It remains to be seen whether productivity, two screens -- and the Surface brand -- are enough to woo phone buyers away from Samsung and other handset makers. At least right now, Microsoft may not even care how many Surface Duos it sells. Its move isn't about one phone.
"We think of these not just as products, but the beginning of a new category, dual-screen computing," Mehdi said. "We're in the beginning of a new wave of innovation."
The slow death of Windows Phone
Microsoft, which has long dominated software for PCs, never anticipated how important smartphones would become and how consumers would really use them: with their fingers on touchscreens. For some people, phones -- not Windows PCs -- became their primary means of accessing the internet.
Microsoft built variants of Windows for mobile devices for more than 20 years, starting with Windows CE for personal digital assistants in 1996 and following with Windows Mobile in 2000. The software wasn't designed for touchscreens, and apps felt like PC software crammed to fit smaller screens.
That was exactly what Steve Jobs tried to fix when Apple built the iPhone. Introduced in 2007, the first iPhone featured a full touchscreen and software designed specifically to take advantage of that interface. It was a mobile phone, a music player and an Internet device that fit in your pocket.
At its peak in 2013, Windows Phone managed to control only 3.3% of the global smartphone market, according to IDC. The percentage, while tiny, was enough to make the Microsoft the third-biggest mobile OS vendor behind Google's Android (79%) and Apple's iOS (15%). This year, 87% of the world's smartphones should run Android, according to IDC, while 13% will run iOS. There's no longer a real third option.
For Microsoft and the rest of the tech world, one thing is obvious: Google and Apple won the battle to make the software powering the world's smartphones. Not even Samsung, the world's biggest phone maker, could gain traction with its homegrown software, Tizen. There just weren't enough apps that people wanted to use. Samsung relegated Tizen to its TVs and smartwatches -- areas where third-party apps don't really matter.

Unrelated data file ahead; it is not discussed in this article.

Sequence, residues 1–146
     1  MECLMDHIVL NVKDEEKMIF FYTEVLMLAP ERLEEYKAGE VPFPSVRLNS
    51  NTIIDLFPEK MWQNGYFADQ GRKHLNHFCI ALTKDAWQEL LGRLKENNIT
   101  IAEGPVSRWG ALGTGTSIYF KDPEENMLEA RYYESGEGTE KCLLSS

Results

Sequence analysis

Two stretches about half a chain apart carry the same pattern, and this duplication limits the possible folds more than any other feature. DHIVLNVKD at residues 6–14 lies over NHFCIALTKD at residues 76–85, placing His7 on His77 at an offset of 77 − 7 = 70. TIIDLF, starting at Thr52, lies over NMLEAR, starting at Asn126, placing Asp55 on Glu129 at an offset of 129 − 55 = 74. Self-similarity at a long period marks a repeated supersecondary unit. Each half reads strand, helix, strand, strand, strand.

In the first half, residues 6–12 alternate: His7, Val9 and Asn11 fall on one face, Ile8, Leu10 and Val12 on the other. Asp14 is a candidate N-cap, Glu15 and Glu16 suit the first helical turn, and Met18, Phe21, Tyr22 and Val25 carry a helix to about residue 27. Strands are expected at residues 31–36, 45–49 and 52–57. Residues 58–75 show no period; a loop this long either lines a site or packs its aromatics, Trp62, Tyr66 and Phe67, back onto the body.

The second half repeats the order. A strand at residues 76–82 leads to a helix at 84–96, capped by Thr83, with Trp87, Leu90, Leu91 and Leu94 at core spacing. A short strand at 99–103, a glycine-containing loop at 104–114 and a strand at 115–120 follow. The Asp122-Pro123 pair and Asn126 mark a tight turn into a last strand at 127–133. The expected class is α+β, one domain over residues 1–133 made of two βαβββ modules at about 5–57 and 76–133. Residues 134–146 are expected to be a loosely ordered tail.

The Surface Duo makes that partnership even stronger.
"This product brings together the absolute best of Microsoft, and we're partnering with Google to bring the absolute best of Android in one product," Microsoft Product Chief Panos Panay said of the Surface Duo during Wednesday's event. "This is industry-pushing technology."
Working with rivals has paid off so far. Microsoft has made more than 150 apps for Google devices, five with more than 500 million downloads. As CNET sister site ZDNet noted, more than 1 billion Android users have installed Microsoft Word, and over half a billion have downloaded PowerPoint, Excel and OneNote. Outlook ranks No. 4 in Apple's App Store for productivity apps, while Word ranks No. 8. Offering iOS and Android apps has attracted new users it never would have signed up otherwise.
Microsoft hopes that opting for Android for its phone will bring more people into its ecosystem, without the company having to worry about recreating the apps found in the Google Play store.
"The Surface Duo is a very interesting take on mobile devices that highlights both how smartphones have really morphed into pocketable computers and how the underlying OS for these devices is less and less relevant," Technalysis Research analyst Bob O'Donnell said. "It's all about apps and experiences."
Getting back into phones won't be easy for Microsoft. But if it woos just a few customers, that's more than it has in phones right now. And the bigger play isn't just selling Android smartphones -- it's convincing people that two screens are the future.